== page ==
Premises Liability, Theme Parks, and You

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Accidents do happen.  And occasionally accidents happen at home—even here in Florida.

But occasionally accidents happen on someone else’s property.  And when a party is injured on someone else’s property, it could be the property owner who is liable for the injured party.

That property in question could be a business, or a rental property– even someone else’s home.  In all of these instances, property and business owners incur an obligation to maintain their premises in a safe condition.

You could have been injured at a shopping mall, the grocery store, at a gym, private club, restaurant or bar.  The person operating the business may actually own the property, or could be leasing it from someone else.  In any of these instances, liability for visitor injury falls under premises liability law.

Certain elements need to exist for successful pursuit of a premises liability lawsuit.  Chief among them is that the property owner or business operator knew—or should have known—that an unsafe condition existed.  After that, the owner or operator failed to remedy the unsafe condition, and/or did not give warning of the unsafe condition.

A visitor needs to exercise normal caution to protect themselves, but if injured and the above conditions are present, there may indeed be actual premises liability.

Levels of Premises Obligation

The obligation to protect is higher for certain types of visitors:

  • A customer to a store would normally be considered an invitee and the obligation to protect is at the highest level
  • Someone who is a social guest, or enters a property for reasons of their own, is considered a licensee. They are there at the consent of the owner or operator, and the obligation of protection is somewhat mitigated here
  • A trespasser is someone who enters without any right to do so—and while the obligation to protect is at the lowest level here, there is still an obligation of at least reasonable warning to prevent injury.

In all the above, it’s important to note that a special duty is owned to children.  This is true even if the child or children are not authorized to be on the property.  An especially common instance of this is the so-called attractive nuisance—like a swimming pool.  Because a pool could reasonably be regarded as attractive to a child, it bears an obligation to protect it from them to prevent accidents—perhaps by a pool fence, or a locked door to the premises.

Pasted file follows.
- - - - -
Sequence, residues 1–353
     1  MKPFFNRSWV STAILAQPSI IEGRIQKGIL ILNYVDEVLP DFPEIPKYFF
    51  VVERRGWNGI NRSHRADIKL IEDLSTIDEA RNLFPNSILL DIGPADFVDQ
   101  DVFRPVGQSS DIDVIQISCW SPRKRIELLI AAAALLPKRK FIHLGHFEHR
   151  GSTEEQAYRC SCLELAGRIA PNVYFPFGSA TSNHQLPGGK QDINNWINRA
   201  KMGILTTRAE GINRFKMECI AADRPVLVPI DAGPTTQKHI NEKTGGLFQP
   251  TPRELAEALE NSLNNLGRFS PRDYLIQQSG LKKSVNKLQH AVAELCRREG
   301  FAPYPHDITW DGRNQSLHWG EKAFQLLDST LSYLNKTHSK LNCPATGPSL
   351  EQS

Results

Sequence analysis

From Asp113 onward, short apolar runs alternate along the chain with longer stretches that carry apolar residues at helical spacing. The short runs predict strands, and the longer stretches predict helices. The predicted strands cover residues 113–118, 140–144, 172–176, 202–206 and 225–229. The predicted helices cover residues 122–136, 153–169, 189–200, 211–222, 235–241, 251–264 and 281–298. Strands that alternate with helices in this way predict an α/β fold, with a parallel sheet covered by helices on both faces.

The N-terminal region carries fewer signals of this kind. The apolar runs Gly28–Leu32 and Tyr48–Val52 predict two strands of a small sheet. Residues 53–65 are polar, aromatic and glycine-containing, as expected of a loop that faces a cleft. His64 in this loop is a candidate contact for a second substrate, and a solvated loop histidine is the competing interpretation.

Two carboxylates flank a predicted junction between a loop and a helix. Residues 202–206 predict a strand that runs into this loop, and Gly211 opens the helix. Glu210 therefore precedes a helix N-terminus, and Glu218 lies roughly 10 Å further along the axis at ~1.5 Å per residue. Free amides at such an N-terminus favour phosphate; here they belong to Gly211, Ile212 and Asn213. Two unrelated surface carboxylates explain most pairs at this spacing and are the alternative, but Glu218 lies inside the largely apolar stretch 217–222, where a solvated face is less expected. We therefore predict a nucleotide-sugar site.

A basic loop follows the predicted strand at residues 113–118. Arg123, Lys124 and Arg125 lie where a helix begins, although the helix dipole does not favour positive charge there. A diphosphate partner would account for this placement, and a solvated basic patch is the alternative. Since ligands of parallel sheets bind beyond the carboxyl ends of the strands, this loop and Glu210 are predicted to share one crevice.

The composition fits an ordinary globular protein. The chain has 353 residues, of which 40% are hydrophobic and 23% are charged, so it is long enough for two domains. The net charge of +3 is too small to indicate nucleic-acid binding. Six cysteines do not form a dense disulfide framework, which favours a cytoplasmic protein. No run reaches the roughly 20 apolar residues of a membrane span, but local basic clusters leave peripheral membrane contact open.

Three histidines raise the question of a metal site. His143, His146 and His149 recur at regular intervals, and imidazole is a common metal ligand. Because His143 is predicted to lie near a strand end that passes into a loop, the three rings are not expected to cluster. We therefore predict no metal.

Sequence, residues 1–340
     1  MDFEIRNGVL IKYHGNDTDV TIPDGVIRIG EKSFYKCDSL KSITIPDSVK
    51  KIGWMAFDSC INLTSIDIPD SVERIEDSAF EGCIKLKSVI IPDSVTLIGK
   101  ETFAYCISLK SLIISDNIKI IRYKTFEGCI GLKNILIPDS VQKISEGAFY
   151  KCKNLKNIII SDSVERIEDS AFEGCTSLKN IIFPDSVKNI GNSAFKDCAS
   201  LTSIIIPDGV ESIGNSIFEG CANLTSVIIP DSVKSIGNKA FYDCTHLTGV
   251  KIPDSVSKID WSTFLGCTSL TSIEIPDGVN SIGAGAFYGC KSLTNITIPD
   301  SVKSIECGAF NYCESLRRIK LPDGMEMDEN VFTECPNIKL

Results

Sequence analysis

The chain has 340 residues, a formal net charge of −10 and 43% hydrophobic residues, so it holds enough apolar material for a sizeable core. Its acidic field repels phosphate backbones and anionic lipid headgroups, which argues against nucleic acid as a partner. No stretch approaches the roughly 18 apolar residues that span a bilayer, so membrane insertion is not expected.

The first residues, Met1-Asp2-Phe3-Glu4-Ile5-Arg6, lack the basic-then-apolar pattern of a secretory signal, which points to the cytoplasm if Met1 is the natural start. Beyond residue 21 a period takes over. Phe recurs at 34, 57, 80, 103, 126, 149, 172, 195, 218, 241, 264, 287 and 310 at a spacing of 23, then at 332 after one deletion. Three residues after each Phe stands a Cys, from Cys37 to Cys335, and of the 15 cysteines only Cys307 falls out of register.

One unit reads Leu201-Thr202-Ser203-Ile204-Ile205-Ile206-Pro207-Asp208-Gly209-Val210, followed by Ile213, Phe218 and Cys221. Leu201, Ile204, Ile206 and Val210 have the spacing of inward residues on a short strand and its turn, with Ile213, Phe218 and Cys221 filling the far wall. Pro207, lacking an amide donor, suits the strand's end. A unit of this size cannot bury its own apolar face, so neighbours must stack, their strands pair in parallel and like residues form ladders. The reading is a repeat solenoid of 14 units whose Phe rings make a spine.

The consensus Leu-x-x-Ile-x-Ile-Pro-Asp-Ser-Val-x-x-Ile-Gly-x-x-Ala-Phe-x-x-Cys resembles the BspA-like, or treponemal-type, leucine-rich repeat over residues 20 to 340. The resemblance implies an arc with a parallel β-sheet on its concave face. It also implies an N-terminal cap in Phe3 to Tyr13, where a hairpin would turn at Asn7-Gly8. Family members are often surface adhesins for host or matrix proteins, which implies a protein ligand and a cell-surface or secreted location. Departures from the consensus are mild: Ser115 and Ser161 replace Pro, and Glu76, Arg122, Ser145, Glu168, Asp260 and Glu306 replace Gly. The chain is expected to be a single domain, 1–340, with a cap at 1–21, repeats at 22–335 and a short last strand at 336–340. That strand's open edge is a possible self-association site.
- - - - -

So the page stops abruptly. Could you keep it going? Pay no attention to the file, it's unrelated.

Both Indoors and Out are Covered by Premises Liability

Property owners and business operators have an obligation to maintain both the inside and outside of their premises.  Lawsuits often occur when landlords or business operators have:

  • Poor lighting inside or out
  • Poor sidewalk conditions
  • Water on floors, especially with no warning sign
  • Goods for purchase high on shelves or in other dangerous displays
  • Dangerous pets—dog bite lawsuits also fall under premises liability

Call us immediately if you or a loved one was hurt or worse in an:

  • Accident in a store
  • Slip and fall incident
  • Pool accident at a hotel or home of another
  • Dog bite incident
  • Accident while working as a contractor on someone’s home or business
  • Injury inside or outside a business
  • Accident in someone’s home
  • Accident with falling merchandise, or by reaching to get merchandise in a store
  • Accident on someone else’s property, even if not granted permission to be there

 

Have you or a loved one been injured in a Florida premises liability accident?

If so, the attorneys at Thomas and Pearl want to speak to you.

$150 MILLION in verdicts and settlements

Thomas & Pearl attorneys have the skills and training, plus the financial resources necessary to take on wealthy property owners and business operators.   Ask about our experience as attorneys helping victims of premises liability accidents in Florida.

Ask about the more than $150M (MILLION) dollars in recent and past jury verdicts and settlements we have gained for our clients.

We’ll evaluate your case situation with you, develop a strategy to win or successfully negotiate the highest amount of compensation for you.

Experienced legal help can make the difference between a successful resolution and losing in court.  And you pay nothing unless we get that successful resolution for you.

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